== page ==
The Definition of Arsenal Exchange
Arsenal Exchange, ArsenalExchange.com is the number one free firearms classified ad and gun industry directory on the internet.
Not only does Arsenal Exchange have firearms related classified ads to allow people to advertise their guns, ammunition and
firearms related services for free, they have combined that with an all-inclusive self-service free firearms industry directory.
19 Other Firearms Definitions You Need To Know
Ammunition that has been assembled by a commercial vendor of ammunition and sold in retail stores. This is as opposed to Hand loads which have been assembled by individuals and are not typically sold.
A type of firearm in which the action is closed, with a cartridge in the chamber prior to firing. When the trigger is pressed the cartridge is fired,
and the action cycles loading another cartridge into chamber and when firing is stopped the bolt remains closed and the chamber remains loaded.
"V" shaped rear leaf sights mounted to a rifle barrel on a block or on a quarter-rib, sometimes solid standing, sometimes folding,
and often mounted in a row of similar leaves, each of a slightly different height, marked with the range for which each is regulated
A term often used to refer to the very poor and dangerous practice of rapidly firing many shots at a target as
possible in the hope that one or more may hit the target. This practice is a danger not only to bystanders but also to the shooter.
The abbreviation for Automatic Colt Pistol.
It is commonly used to designate specific calibers, particularly those which were originally designed by John Moses Browning for the
Colt Firearms Company which are a type of rimless pistol cartridge designed mainly for use in semi-automatic pistols.
The most common ACP calibers are .25 ACP, .32 ACP, .380 ACP and .45 ACP.
A line, either imaginary or marked, from which people shoot their firearms down range.
A pocketed belt for holding ammunition and cartridges. It was usually slung over the chest.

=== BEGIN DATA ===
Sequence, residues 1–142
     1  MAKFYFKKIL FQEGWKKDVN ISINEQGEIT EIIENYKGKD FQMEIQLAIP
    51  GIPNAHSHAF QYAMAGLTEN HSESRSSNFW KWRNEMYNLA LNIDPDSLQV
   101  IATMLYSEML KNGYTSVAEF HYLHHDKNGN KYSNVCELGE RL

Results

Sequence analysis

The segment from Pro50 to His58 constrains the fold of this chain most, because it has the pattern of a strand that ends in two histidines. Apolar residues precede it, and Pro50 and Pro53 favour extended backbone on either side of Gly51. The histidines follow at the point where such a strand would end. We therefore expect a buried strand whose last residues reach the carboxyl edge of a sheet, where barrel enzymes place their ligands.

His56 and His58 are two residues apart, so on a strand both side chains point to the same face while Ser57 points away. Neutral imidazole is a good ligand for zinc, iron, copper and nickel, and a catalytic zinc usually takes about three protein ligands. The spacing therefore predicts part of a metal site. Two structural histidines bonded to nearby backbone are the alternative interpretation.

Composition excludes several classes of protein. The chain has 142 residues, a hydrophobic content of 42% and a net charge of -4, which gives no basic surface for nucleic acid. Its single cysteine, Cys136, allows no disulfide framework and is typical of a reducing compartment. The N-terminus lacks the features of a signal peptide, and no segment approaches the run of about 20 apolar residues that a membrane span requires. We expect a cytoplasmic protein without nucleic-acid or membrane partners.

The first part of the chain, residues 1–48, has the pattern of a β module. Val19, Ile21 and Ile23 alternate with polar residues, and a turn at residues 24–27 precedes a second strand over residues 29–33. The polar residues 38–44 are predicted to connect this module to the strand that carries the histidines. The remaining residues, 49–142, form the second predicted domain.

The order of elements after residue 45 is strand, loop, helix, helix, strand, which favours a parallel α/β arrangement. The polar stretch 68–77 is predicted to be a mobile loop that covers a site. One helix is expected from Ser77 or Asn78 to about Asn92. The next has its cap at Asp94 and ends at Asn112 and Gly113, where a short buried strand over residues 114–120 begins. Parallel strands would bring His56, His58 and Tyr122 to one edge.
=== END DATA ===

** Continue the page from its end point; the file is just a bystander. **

Bandoliers are now rare because most military arms use magazines which are not well-suited to being stored in such a manner.
They are, however, still commonly used with shotguns, as individual 12 gauge shells can easily be stored in traditionally designed bandoliers.
A rear barrel sight base, more articulated than having the sight simply dovetailed into the barrel, but not requiring as much gunsmithing as having it mounted onto a proper quarter-rib.
A craftsman's signature stamp, discretely placed to identify his work.
A second sear, poised just behind a second notch in the hammer. It is possible that when a cocked firearm is dropped or sharply jarred, a
single sear could jump out of its notch and the hammer could fall, firing the gun accidentally. In this event, an intercepting sear
would engage before the hammer could fall completely, preventing an accidental discharge. On a gun with intercepting sears, only
by pulling the trigger are both sears moved out of the way simultaneously, allowing the gun to fire.
Intercepting sears are usually found on better sidelock actions. They are sometimes found on best boxlocks,
and can be recognized by an extra screw behind the action fences, in addition to the usual two screws (or pins) along the lower rear of the receiver.
Visible disturbance in the air by a bullet. Typically this takes the form of image distortion that persists for a fraction of a second in the shape of an inverted V similar to that of a boat wake.
The small lever on a cartridge firearm, which one pulls to cause the spring-loaded firing pin to impact the primer, causing the gun to discharge.
Normally, the trigger simply connects to the sear. Pulling the trigger moves the sear out of its notch, releasing the spring-loaded hammer
to strike the firing pin which in turn strikes the primer; or the coilspring-loaded firing pin directly. Other, often-Germanic systems have their own
miniature lockwork which, when cocked, allows an exceedingly light trigger pull to discharge the firearm, a setting that would be perilous to carry in the field.
A person who can shoot up to the mechanical capability of their weapon.
To prepare or charge a muzzle loader for firing.
The entire collection of moving parts which work together to fire the gun when the trigger is pulled.
It may include trigger springs, return springs, the trigger itself, the sear, disconnectors, and other parts.
The premier bolt action, whose design by Paul Mauser coalesced in 1898,
and from which were derived the Springfield 1903, the Winchester Model 70 and many others.
The part of the trigger mechanism which holds the hammer or striker back. Pressure on the trigger causes the sear to release the hammer or striker, allowing it to strike the firing pin and discharge the weapon.
A pair of slender and easily-carried wooden dowels or sticks, which when held, crossed, in the fingers of the left hand while also supporting the forend of a rifle,
usually shooting offhand, provides somewhat enhanced stability for a more accurate shot.
Slang word for short barreled revolver.
You have an error in your SQL syntax; check the manual that corresponds to your MySQL server version for the right syntax to use near '' at line 1|